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    Australian Senator Dio Wang Has Spoken Out In Support Of Marriage Equality

    Exclusive: The Palmer United Party senator says marriage equality "will offer dignity and recognition for all relationships".

    Palmer United Party senator Dio Wang supports marriage equality and thinks the legislation should be passed immediately.

    William West / Getty Images

    Senator Wang told BuzzFeed News he supports the legalisation of marriage equality, saying "it will offer dignity and recognition for all relationships".

    "The Senator does not support further delay. The legislation should be passed immediately," a spokesman for Wang said.

    The senator noted the importance of religious exemptions ensuring ministers are not obligated to solemnise certain marriages.

    "This is important in protecting peoples religious sensitivities," his office said.

    "The Senator notes there are three bills potentially in play (Hanson-Young, Shorten, Leyonhjelm) and he will need to examine each bill to ensure it delivers these outcomes."

    Wang's vote is a coup for marriage equality supporters in the senate, where it's thought the 'Yes' vote is nearing a majority, assuming Liberal MPs are granted a conscience vote by prime minister Tony Abbott.

    Of the seven remaining senate crossbenchers, Liberal Democrat David Leyonhjelm, and independents Glenn Lazarus and Nick Xenophon are also in support of marriage equality.

    Family First senator Bob Day, independent Jacqui Lambie and Democratic Labor senator John Madigan are all opposed.

    Senator Ricky Muir has not yet put forward his stance of marriage equality, but he told BuzzFeed News it wasn't far away.

    "I will be putting my official stance on marriage equality on record for the first time at a mental health panel, held by Reach Out, on the 10th June at Heyfield in rural Victoria," he said.

    In question time on Wednesday, Tony Abbott hinted at support for a cross-party marriage equality bill in the parliament, the Financial Review reports.

    Dan Kitwood / Getty Images

    "If our Parliament were to make a big decision on a matter such as this, I want it to be owned by the Parliament, and not by any particular party," he said.

    "I would ask the Leader of the Opposition and all members of Parliament to consider this as we ponder these subjects in the weeks and months to come."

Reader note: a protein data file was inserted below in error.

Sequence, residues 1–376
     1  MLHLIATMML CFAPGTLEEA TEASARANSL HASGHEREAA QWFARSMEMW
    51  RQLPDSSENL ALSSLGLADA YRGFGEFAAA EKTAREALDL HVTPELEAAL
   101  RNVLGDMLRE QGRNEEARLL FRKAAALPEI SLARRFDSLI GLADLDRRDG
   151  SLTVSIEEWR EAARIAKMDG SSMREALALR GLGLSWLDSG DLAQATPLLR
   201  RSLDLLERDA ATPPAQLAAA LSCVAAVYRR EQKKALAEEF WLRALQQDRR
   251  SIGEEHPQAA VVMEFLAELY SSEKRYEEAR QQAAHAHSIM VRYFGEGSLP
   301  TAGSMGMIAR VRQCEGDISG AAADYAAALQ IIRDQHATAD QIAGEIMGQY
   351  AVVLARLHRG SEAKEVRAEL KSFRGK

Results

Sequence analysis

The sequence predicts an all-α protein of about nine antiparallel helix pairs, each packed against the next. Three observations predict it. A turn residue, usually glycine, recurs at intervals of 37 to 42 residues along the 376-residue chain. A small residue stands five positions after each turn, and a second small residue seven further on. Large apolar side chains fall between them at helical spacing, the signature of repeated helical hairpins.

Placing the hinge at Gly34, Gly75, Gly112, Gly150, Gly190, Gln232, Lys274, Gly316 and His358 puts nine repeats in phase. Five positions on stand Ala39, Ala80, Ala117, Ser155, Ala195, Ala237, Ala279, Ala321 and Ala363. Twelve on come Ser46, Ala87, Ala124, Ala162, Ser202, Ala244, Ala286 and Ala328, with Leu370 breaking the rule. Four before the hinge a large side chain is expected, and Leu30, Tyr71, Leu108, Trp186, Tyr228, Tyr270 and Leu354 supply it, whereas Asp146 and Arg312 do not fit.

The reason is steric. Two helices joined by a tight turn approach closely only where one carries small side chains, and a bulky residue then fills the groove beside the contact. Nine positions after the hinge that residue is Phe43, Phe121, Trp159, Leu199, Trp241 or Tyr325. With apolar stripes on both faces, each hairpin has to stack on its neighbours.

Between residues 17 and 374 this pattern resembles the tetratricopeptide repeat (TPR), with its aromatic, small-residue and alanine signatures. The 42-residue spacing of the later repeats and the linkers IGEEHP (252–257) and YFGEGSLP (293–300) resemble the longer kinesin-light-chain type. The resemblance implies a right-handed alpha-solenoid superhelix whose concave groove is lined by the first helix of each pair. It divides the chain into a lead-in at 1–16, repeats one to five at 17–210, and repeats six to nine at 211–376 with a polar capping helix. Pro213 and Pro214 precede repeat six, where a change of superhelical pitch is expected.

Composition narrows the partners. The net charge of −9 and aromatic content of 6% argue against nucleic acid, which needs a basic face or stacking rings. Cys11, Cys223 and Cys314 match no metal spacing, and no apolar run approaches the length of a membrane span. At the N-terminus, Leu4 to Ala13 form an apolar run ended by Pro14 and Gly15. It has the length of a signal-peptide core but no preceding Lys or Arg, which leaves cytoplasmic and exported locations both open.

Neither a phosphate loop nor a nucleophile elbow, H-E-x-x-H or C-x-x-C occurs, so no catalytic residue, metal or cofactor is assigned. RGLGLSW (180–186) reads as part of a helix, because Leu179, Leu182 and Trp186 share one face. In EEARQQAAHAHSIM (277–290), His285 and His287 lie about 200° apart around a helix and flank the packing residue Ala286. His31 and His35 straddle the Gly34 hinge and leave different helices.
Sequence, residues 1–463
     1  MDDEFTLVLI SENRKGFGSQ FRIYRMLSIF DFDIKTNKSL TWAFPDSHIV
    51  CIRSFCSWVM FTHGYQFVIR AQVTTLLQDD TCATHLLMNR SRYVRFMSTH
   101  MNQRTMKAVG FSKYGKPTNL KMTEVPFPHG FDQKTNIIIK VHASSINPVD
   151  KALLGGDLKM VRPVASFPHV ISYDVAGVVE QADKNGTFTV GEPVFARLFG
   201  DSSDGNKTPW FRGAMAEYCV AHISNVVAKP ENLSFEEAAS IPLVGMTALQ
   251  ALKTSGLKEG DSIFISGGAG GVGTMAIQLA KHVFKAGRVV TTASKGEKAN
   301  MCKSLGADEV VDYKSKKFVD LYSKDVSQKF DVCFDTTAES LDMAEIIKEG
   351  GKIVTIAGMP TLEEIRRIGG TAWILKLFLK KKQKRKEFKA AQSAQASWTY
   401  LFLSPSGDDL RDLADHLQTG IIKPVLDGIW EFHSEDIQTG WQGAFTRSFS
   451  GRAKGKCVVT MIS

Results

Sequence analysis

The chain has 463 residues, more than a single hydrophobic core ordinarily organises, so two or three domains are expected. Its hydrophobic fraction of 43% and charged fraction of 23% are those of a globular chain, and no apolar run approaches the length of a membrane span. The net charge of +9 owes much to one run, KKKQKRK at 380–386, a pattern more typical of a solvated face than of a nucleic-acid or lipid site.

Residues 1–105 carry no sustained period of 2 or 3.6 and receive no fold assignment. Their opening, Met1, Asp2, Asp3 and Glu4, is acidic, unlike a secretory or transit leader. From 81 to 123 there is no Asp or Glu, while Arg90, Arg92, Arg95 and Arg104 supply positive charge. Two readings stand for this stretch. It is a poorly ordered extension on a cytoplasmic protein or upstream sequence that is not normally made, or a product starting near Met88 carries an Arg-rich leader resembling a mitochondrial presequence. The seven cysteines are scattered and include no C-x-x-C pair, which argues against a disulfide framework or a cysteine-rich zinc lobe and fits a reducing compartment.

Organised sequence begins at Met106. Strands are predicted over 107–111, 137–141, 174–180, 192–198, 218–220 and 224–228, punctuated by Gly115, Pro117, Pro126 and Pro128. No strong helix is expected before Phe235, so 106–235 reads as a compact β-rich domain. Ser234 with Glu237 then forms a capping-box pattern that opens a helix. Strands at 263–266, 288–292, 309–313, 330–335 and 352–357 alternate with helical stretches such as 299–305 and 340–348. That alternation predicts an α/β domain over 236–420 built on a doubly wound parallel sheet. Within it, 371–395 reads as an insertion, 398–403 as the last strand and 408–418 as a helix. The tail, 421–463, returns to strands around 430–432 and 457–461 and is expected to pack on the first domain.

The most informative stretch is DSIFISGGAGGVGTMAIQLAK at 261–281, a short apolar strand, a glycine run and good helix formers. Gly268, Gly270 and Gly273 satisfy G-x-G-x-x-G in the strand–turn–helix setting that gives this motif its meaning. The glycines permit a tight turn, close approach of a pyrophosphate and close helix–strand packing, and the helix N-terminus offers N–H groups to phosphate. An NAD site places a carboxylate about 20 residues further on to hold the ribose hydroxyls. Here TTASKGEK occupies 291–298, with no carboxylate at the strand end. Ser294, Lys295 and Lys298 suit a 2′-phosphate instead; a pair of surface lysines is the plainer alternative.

Given Abbott's comments, it is thought any vote on marriage equality will not take place until after parliament's winter break.

    "There are different views inside the Parliament, inside parties, indeed inside families, as is well known in my own case," Abbott added.

    "So, it is an issue where the different views, the range of views, need to be treated with respect."

    Earlier on Wednesday, Abbott said the government would be focusing on implementing the small business measures in the budget.

    "I'm sure at that time we'd have a very full and frank and candid and decent debate [on marriage equality] inside the party room," he said.

    "But I do have to say that my absolute priority, the government's absolute priority right now and for the next few weeks will be helping small business."

    Marriage equality has been at the forefront of debate this week after opposition leader Bill Shorten's announcement that he would introduce a bill into the House of Representatives.

    Stefan Postles / Getty Images

    Coming just days after marriage equality was legalised in Ireland, the bill will be co-sponsored by deputy opposition leader Tanya Plibersek and introduced to the House on Monday.

    "I believe the time has well and truly come for the Parliament to debate marriage equality," Shorten told BuzzFeed News.

    "Our current law excludes some individuals – and to me, that is unacceptable."

    Shorten's announcement on Tuesday evening also followed an announcement from Greens senator Sarah Hanson-Young that she would bring forward debate on her marriage equality bill in the senate to June 18.

    Ian Kington / Getty Images

    Supporters react outside Dublin Castle following the announcement of the result of the same-sex marriage referendum in Dublin on May 23, 2015.

    However, Shorten's bill has been slammed by Liberal MPs including Warren Entsch, Simon Birmingham, and Wyatt Roy, who believe it is a political play that will affect progress on the issue within their party.

    Birmingham told the Sydney Morning Herald it was "entirely counterproductive to elevate the partisanship of this matter".

    "It reeks of being about Bill Shorten's popularity more than about achieving marriage equality," he said.